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Journalists commit to fighting graft

Published on: 21-04-2014

Journalists from Eastern Africa have expressed commitment to objective reporting as a way to stem corruption that remains the most daunting challenge to good governance, sustainable economic growth and development in Africa.

This is one of the resolutions reached after a five-day training of trainers on Investigative Journalism and Corruption Reporting.

The training took place in the Ethiopian capital, Addis Ababa, and drew more than 20 participants from 11 countries grouped under the Eastern Africa Journalists Association (EAJA).

The trainees noted that corruption had been ravaging almost all the African countries despite efforts and conventions signed by the same countries to reverse the trend.

One of the examples is the Convention on Preventing and Combating Corruption signed in Maputo on July 11, 2003 that came into force in 2006 and was adopted by member states of the African Union (AU). A total of 34 counties out of 54 have ratified the Convention.

Participants were taken through various manifestations of corruption and how media practitioners who are considered as the watchdog for the ordinary people should fight the vice through objective reporting.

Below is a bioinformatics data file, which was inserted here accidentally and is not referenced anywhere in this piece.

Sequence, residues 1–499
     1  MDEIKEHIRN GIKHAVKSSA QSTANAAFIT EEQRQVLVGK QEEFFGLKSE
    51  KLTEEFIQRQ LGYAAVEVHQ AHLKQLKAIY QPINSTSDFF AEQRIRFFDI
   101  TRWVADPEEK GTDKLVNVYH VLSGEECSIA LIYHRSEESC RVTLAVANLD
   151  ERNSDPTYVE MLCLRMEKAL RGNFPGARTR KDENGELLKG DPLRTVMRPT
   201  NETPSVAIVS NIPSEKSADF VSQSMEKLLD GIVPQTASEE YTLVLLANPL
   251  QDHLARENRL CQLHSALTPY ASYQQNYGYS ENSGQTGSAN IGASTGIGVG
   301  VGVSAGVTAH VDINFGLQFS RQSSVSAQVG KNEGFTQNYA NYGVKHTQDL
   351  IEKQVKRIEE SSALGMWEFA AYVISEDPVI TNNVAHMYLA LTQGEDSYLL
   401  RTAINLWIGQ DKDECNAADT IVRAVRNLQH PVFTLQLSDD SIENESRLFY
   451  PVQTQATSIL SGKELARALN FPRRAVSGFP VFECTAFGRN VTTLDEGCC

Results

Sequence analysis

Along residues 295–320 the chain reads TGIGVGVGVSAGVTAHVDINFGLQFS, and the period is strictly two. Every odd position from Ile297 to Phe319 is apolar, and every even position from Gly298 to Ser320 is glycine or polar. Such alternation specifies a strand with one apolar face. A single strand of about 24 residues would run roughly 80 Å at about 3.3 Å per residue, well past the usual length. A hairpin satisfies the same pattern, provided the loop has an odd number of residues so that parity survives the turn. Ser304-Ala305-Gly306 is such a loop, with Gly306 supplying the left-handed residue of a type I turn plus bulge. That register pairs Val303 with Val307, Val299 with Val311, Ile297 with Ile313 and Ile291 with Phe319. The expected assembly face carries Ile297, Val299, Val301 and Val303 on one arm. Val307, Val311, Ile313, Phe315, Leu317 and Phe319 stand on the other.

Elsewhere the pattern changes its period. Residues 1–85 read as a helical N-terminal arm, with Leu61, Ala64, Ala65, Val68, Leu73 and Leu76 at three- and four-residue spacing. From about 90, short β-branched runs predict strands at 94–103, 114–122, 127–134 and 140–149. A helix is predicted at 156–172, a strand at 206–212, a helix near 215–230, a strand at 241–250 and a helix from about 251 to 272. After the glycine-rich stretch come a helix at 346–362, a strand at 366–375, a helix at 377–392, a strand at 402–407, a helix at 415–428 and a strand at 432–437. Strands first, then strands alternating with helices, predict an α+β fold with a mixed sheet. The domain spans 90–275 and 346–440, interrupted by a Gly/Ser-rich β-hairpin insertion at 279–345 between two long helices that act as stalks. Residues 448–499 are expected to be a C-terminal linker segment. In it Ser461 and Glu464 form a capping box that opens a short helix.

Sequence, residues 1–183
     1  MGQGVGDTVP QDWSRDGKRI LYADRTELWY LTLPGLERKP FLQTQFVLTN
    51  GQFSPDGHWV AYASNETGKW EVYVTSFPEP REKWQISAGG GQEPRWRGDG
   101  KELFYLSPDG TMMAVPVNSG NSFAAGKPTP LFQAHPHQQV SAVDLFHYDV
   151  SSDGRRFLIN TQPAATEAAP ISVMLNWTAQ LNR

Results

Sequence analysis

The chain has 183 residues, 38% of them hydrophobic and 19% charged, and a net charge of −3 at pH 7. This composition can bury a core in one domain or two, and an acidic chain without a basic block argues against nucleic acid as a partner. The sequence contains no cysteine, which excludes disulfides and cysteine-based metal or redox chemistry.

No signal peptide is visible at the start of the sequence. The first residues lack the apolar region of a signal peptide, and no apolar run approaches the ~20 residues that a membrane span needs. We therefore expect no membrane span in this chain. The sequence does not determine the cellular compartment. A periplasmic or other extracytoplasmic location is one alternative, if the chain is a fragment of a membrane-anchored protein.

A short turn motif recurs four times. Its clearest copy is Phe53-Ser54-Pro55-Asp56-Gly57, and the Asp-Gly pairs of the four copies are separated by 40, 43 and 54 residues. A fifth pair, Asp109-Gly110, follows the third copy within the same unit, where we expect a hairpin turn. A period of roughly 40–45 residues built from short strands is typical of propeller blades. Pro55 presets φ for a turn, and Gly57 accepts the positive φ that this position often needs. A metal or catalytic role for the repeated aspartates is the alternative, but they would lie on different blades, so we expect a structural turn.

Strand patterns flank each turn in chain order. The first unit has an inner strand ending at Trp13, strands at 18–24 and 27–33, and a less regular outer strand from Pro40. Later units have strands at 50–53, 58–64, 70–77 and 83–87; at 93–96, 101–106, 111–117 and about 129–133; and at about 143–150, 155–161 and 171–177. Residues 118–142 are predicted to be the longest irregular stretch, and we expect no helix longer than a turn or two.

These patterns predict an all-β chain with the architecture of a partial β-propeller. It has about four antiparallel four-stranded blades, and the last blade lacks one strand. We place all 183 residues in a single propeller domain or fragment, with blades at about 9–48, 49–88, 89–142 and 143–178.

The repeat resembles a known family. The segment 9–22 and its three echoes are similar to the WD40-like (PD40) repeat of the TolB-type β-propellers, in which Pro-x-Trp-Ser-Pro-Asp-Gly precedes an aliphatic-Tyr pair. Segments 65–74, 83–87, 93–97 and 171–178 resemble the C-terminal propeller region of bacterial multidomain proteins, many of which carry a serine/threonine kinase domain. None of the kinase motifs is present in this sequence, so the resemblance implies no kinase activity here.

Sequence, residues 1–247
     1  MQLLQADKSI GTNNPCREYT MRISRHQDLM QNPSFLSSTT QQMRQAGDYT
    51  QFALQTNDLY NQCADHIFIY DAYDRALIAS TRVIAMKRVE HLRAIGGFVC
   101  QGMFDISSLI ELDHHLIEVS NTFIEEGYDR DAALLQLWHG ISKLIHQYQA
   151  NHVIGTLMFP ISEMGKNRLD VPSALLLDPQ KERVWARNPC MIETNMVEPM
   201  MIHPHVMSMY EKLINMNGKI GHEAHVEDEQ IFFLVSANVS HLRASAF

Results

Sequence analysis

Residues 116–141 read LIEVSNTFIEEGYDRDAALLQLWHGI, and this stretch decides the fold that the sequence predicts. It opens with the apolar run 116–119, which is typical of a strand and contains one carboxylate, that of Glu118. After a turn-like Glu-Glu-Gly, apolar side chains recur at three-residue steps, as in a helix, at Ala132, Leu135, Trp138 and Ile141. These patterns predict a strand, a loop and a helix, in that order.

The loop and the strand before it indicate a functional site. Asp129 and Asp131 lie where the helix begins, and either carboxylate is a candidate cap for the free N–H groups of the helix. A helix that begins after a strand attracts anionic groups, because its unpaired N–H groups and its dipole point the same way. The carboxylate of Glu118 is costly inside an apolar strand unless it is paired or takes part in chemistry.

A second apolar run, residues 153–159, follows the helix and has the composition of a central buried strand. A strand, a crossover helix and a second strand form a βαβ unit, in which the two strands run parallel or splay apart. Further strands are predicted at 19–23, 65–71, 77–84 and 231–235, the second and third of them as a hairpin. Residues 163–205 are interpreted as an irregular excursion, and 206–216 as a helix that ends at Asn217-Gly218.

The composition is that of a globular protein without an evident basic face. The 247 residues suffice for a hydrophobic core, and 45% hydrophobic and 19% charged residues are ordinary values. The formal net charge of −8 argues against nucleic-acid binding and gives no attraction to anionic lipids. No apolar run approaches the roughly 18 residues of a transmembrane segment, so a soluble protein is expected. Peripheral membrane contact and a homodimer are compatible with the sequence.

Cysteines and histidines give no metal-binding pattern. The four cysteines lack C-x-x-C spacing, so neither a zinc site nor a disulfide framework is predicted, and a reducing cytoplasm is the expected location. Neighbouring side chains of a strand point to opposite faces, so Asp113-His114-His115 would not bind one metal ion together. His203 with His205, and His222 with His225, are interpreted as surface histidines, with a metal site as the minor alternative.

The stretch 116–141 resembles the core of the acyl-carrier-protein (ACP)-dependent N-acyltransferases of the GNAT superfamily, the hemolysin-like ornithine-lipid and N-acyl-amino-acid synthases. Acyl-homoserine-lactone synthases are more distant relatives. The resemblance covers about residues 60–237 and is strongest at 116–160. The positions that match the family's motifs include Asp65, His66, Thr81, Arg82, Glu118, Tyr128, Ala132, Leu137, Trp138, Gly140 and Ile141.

The Ethiopian minister for Communication and Information Technology, Debretsion Gebremichael, while addressing the trainees, stressed the need for African leaders to work with media to fight corruption, while promoting freedom of expression on the continent.

One of the trainers, Caleb Athemi, a senior media consultant and veteran journalist, said reporting positively on corruption had been a serious challenge to media practitioners.

He recalled how he was arrested and jailed several times because of his reporting when he was a reporter working for various newspapers in his country, Kenya.

He, however, said that nothing can prevent journalists to stick to their profession and remain watchdogs of the ordinary citizens.

He urged media outlets to invest in investigative and corruption reporting as it makes impact.

“Investigative journalism and corruption reporting make impact, help focus attention, enrich public debate, help sell newspapers and widen scope of journalism,” Athemi said.

He highlighted patience, resilience, caution, fairness, passion, curiosity, logical thinking and discipline are crucial tools in investigative journalism.

“Corruption is a cross cutting issue and affects the development of our countries. It is also something we have been fighting for years and this training has boosted our skills on reporting about corruption,” said Christopher Opoka Amanjur, from Southern Sudan.

He conceded that there were cases of corruption he had failed to report on due to limited skills.

Another participant from Seychelles, Henrie Gervais, said the training was a great opportunity to equip participants with knowledge in corruption and investigative reporting.

Published by The New Times

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